Never too young: Mom and dad were discerning whether Michael (about age 7) was ready for his First Holy Communion. Mom prayed that night and the next day she got the message: Young Michael had painted a watercolor print of a Eucharistic Host, with a Cross in it, aloft over a beautiful golden a chalice. Thing is: the Host was eliciting a single, red-colored-drop of precious Blood. Obvious Message: Young Michael was ready! Indeed, he did receive his First Holy Communion later that month. And at the Masses I celebrated while at the lake, Michael would pray with a little book-called, simply, "Pray with Jesus"-following along with the liturgical prayers in young-children's language. He even led a decade of the Rosary. This little boy who used to be "quite active" at Mass was now praying like a young monk!. Teach your children to pray. Teach them about Jesus' Real Presence in the Eucharist. Teach them that it is a Sacrifice-of Love and Blood. Teach them to love Jesus and Mary!

Double Spring: Maryland Springs are just about one of the best things in the world, but having a second one is a fantastic surprise and delight. Western Maryland is a couple weeks behind Emmitsburg, and so we were "getting another spring" there. The young virginal green leaves shooting from tree buds; forsythia and azalea blooming, plants on fire and birthing forth new flowers amidst blazing-loud sunshine, was yet another treat from God! I didn't know I would get this treat: Thank you God for showing us the reality and beauty of New Birth-a Second Easter-again!...On vacation be reminded of your vocation to be re-created by God's grace-spread and communicated thru all creation.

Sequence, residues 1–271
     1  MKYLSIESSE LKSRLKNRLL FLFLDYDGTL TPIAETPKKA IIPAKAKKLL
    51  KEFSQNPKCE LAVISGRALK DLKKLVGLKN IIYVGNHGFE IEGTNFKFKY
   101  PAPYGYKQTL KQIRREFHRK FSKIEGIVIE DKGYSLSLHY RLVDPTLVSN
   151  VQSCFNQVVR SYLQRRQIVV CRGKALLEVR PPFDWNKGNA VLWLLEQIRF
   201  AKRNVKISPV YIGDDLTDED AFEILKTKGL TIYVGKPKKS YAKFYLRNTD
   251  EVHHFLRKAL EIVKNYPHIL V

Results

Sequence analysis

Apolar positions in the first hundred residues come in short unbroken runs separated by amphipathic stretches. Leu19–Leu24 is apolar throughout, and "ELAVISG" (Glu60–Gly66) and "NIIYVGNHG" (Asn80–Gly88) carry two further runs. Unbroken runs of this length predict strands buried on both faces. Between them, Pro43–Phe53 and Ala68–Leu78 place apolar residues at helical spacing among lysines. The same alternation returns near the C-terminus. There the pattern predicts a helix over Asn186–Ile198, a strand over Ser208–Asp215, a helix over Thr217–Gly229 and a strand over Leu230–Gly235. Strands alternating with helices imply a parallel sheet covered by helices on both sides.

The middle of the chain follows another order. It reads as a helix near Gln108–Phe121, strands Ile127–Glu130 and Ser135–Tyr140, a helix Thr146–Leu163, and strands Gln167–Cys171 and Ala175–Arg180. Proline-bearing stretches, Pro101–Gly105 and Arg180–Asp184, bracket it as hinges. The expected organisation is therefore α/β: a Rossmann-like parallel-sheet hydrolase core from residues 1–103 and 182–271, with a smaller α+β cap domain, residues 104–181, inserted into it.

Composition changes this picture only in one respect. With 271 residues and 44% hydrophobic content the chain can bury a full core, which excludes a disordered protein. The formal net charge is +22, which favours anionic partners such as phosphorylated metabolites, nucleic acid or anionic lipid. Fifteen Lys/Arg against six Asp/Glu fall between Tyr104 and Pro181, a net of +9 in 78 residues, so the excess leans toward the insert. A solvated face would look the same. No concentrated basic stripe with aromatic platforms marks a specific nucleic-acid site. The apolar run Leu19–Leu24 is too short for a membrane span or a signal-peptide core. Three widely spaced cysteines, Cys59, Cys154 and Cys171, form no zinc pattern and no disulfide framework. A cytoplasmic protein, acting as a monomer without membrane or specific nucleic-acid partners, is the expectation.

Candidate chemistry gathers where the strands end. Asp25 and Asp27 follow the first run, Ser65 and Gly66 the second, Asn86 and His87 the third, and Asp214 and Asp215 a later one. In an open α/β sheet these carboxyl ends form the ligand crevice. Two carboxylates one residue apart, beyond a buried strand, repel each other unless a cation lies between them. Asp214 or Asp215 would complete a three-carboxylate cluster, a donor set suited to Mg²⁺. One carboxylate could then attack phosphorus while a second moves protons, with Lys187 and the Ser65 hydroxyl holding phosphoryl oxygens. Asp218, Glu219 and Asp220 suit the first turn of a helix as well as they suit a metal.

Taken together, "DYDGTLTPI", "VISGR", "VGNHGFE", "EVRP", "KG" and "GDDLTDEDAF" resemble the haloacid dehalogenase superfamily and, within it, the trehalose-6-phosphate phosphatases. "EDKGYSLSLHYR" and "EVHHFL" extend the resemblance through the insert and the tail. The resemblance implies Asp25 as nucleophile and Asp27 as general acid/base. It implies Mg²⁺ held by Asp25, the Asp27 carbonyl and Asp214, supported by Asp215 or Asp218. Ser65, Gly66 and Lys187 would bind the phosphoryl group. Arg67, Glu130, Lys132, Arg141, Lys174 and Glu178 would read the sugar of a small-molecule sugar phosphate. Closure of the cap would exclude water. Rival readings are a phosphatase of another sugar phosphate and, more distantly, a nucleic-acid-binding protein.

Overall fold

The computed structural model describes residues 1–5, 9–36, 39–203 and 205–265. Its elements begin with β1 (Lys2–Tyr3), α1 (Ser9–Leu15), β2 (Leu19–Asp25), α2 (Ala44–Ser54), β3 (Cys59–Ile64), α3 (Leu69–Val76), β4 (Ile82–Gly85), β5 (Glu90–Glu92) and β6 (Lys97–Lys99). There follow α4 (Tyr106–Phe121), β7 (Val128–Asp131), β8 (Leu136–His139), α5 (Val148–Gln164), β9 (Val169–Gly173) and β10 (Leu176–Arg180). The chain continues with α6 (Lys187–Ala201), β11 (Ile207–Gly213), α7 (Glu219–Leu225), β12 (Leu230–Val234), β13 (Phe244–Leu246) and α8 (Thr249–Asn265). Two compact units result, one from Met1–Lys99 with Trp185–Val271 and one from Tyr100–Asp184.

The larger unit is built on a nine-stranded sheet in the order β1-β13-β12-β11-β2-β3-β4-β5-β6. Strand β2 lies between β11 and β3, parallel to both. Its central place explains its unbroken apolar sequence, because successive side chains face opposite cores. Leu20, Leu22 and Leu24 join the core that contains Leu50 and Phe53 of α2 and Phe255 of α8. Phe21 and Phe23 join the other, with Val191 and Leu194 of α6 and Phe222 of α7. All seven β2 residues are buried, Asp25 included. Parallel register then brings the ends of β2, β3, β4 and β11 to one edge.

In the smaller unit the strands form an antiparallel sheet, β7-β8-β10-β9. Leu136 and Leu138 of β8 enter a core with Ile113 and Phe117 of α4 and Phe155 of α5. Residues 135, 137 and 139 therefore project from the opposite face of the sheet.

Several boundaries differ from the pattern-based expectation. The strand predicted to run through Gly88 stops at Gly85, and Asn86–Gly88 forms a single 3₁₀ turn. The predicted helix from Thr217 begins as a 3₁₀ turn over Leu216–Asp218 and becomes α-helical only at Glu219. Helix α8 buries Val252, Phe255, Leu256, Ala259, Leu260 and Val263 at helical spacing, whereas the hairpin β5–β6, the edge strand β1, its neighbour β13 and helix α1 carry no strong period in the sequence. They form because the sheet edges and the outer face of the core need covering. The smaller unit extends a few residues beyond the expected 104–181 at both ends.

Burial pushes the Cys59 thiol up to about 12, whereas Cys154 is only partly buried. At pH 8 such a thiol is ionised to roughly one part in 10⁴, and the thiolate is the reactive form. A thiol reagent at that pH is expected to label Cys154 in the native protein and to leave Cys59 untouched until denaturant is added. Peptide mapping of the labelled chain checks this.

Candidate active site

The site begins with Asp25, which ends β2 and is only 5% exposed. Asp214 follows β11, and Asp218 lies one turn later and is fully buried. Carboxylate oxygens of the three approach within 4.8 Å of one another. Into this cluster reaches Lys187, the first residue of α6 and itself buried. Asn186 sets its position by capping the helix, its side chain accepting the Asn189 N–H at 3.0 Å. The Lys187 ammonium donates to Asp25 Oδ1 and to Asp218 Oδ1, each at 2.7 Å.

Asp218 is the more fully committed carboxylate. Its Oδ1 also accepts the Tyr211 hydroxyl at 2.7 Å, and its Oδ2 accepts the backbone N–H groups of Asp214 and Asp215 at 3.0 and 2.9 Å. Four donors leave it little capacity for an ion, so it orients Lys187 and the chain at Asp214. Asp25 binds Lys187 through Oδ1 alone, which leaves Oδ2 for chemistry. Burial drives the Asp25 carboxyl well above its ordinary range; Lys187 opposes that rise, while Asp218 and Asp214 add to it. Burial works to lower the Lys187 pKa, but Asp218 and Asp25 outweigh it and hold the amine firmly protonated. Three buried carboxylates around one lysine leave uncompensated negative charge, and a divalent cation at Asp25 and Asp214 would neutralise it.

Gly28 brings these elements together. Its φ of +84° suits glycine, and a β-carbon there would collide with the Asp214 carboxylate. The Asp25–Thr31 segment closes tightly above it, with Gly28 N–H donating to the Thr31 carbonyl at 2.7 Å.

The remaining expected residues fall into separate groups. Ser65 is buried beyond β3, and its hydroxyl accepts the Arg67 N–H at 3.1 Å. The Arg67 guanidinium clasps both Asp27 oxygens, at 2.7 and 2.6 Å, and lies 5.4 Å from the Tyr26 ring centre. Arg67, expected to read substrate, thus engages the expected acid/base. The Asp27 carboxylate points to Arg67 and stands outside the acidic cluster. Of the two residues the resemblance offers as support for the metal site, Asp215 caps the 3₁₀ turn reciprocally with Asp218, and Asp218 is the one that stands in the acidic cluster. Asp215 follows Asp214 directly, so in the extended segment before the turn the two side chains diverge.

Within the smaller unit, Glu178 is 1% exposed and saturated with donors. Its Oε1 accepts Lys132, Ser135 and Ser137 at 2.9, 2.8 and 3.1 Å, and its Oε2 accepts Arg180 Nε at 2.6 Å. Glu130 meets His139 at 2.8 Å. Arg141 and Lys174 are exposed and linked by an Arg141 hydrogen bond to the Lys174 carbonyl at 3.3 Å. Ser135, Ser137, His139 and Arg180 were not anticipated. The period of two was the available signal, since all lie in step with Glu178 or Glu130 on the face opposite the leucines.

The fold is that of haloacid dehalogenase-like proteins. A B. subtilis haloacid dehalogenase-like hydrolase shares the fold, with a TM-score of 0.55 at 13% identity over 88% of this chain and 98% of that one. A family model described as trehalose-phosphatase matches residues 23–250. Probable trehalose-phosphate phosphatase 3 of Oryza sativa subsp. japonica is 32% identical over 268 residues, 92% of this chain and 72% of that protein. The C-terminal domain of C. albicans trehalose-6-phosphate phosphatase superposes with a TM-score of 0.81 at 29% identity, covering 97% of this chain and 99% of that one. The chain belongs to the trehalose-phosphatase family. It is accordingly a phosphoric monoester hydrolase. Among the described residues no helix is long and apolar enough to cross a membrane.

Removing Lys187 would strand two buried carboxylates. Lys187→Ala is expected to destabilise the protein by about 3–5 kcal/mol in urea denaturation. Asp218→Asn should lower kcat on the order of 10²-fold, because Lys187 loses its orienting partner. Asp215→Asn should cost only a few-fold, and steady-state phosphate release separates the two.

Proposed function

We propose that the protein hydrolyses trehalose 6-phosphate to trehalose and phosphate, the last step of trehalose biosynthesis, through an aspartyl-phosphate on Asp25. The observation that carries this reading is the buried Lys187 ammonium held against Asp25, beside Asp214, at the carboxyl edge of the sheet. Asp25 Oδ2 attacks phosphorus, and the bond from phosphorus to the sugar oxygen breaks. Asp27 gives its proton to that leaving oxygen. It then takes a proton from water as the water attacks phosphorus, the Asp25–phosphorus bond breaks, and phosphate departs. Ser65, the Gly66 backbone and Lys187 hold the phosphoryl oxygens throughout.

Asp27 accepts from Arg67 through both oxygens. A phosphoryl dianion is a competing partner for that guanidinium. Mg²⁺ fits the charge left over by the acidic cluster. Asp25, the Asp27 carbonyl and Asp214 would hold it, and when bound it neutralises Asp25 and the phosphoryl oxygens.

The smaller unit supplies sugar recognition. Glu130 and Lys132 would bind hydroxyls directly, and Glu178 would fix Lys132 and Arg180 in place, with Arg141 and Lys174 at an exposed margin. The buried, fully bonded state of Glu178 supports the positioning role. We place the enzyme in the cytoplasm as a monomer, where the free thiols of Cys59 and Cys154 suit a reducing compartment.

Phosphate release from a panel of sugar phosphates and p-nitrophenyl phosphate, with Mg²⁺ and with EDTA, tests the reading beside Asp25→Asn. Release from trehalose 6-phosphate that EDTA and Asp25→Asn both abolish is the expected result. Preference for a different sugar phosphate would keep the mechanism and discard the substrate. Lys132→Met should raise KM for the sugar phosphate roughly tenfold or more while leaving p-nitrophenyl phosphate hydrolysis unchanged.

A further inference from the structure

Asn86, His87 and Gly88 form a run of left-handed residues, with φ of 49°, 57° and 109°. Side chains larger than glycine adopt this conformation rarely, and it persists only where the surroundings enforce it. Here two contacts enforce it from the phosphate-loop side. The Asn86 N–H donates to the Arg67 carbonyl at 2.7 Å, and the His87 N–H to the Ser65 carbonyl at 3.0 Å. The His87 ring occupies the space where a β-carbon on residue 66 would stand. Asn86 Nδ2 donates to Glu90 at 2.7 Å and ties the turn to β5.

Celibacy and Community: Vacationing with a family of eight…is at times delightful, comedic, spiritually enlivening, and yes, some rare times, challenging-for a celibate priest! There is, I have found, whether on vacation with a large family or in day to day life, a balance between being-with and being-alone. And this particular family knows and respects the balance too-perhaps because they know about, respect and love the priesthood and realize its "essence". Translation: Time for self, prayer, walks and so forth, and also time to be together. I am thankful they understand. The whole Church's life should be like that, too. The priest's celibacy should complement the community, and the community's spiritually and strengths should compliment the priest. It's challenging to understand this in today's individualistic, compartmentalized world--the need for balancing gifts and vocations, between the communal and individual-and we all need to work at this understanding and complementariness more. I recall hearing, once, a youngish priest from Latin America describing his aloneness here in the States, contrasted with his native, communal-accented lifestyle at-home. He eventually left active ministry as a priest--unfortunately. Hey-ho: Let's all work together to form a community, with the individual helping the community, and visa versa. Never take for granted another's need for love-and quietude!